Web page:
The U-S Department of Interior released an updated draft proposal of fracking rules for federal and tribal lands on Thursday. The rule-making process started in 2010, and the latest draft incorporates feedback from more than 177-thousand public comments submitted.
The proposal still has three main components governing the disclosure of chemicals used in fracking, confirming water management plans for flow back water, and improving well-bore integrity assurances, but Bureau of Land Management Principal Deputy Director Neil Kornze says some aspects of those components have changed.
“For example, instead of mandated a specific type of tool to test that a well has been cemented properly, the new proposal allows for the use of a variety of tools and focuses on their use on those wells where a demonstration of adequate cementing is most needed.”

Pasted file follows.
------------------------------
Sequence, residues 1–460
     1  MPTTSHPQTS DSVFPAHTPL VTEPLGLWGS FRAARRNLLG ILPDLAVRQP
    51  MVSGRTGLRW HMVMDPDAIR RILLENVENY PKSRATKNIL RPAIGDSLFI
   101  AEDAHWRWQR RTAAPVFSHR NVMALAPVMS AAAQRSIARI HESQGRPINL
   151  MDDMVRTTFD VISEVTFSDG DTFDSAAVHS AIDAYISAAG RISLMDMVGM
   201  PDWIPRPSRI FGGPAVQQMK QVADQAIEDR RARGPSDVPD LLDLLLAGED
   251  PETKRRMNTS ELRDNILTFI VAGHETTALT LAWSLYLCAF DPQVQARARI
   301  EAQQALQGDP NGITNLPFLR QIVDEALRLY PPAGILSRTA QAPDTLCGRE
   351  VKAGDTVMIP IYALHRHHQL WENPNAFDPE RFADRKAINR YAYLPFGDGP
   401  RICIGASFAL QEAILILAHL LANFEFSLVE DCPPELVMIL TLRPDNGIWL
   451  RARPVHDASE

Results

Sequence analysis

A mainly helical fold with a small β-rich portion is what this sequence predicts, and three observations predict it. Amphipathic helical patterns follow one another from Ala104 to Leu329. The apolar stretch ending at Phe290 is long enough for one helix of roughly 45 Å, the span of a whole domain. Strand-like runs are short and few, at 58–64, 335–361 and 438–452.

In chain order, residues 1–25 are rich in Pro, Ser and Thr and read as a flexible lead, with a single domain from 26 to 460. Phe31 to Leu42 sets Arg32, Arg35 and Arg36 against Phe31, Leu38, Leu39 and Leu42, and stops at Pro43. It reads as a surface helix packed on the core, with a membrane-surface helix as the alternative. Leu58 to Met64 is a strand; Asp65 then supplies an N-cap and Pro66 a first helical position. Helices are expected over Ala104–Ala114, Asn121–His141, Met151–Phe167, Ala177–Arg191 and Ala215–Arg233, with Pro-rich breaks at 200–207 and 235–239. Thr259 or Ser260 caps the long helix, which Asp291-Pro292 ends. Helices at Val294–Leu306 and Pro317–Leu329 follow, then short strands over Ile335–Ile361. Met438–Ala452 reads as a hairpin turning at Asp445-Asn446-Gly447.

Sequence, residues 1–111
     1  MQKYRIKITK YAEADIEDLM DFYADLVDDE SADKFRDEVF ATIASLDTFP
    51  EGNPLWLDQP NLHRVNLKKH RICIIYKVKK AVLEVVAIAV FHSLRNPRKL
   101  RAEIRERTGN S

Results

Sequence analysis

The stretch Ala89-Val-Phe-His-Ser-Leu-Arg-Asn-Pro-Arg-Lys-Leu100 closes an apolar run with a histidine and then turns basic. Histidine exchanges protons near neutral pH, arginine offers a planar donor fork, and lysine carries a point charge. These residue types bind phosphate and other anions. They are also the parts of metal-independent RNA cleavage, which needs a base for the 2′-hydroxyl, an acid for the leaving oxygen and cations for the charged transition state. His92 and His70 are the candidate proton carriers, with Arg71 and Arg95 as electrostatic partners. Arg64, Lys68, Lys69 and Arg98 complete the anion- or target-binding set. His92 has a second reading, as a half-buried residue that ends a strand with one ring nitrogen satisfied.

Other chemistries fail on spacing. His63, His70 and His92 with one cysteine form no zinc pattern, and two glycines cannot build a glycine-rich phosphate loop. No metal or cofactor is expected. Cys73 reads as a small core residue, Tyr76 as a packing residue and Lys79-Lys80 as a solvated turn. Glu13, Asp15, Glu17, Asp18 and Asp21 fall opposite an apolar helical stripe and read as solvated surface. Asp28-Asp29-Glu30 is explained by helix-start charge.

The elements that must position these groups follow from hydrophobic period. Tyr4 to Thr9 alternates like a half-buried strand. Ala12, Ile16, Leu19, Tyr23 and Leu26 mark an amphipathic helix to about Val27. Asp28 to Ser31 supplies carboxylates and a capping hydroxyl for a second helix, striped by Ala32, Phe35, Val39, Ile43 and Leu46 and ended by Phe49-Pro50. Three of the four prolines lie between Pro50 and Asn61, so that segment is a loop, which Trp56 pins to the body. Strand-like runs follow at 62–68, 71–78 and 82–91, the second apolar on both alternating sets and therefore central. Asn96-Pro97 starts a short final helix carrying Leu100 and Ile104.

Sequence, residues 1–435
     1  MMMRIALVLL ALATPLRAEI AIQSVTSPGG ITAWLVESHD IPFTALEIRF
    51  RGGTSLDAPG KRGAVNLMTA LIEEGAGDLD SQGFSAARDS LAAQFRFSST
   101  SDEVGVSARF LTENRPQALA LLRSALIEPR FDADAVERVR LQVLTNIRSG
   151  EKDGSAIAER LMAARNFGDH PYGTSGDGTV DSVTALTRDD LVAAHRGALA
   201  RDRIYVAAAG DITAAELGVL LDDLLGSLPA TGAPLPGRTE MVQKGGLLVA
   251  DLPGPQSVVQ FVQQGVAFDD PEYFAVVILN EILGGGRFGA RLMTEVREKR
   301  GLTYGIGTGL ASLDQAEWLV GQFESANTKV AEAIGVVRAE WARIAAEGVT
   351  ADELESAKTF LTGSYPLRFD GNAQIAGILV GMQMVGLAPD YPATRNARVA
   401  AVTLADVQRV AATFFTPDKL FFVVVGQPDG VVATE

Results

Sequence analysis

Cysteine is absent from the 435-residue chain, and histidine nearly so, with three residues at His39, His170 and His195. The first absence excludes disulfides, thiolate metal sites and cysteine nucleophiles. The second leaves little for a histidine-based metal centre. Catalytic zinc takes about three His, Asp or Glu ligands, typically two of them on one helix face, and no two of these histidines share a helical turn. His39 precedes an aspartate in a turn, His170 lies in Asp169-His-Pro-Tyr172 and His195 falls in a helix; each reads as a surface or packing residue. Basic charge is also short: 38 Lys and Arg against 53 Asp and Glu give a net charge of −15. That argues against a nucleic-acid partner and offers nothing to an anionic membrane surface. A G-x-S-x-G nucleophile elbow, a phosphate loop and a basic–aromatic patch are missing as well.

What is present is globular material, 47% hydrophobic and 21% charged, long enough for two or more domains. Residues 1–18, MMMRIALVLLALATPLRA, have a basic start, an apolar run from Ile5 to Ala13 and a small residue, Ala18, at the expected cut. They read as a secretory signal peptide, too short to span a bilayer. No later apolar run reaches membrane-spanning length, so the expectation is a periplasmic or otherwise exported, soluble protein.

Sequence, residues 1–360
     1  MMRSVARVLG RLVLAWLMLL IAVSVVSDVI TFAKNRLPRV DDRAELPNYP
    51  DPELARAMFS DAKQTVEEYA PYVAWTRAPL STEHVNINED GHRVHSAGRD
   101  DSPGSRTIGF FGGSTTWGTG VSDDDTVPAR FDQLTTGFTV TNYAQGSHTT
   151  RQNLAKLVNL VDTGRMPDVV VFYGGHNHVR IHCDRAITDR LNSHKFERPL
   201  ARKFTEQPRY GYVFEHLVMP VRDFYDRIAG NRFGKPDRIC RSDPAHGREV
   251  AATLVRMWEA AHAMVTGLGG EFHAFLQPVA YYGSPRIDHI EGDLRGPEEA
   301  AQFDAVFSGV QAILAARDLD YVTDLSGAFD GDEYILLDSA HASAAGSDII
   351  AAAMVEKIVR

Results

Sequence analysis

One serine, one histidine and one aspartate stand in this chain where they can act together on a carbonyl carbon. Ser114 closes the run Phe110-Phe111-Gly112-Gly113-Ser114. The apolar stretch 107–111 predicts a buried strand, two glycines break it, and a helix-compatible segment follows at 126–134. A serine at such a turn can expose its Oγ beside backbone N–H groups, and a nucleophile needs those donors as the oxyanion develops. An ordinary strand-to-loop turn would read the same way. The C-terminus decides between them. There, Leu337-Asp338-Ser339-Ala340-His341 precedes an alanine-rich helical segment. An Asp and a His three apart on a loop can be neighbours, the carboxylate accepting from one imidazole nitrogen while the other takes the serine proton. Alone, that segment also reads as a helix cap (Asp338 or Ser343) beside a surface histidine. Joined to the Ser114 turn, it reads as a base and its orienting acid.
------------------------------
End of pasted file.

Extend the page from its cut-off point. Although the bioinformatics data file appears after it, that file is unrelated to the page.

The proposal also defers to states and tribes that have rules in place which meet or exceed the final federal rule. Kornze says the new rule also aims to accommodate states and tribes that have already developed their own fracking rules, to minimize duplication.
“The proposal also expands provisions that allow the BLM to accept existing state practices when those practices meet or exceed the standards established in our own rules. And it acknowledges state decisions on the isolation of underground geologic zones as it applies to water resources.”
Environmental groups have already expressed dissatisfaction with some of the changes, in particular the well bore integrity tests and the chemical disclose timeline. The new draft will be open for comment for 30 days.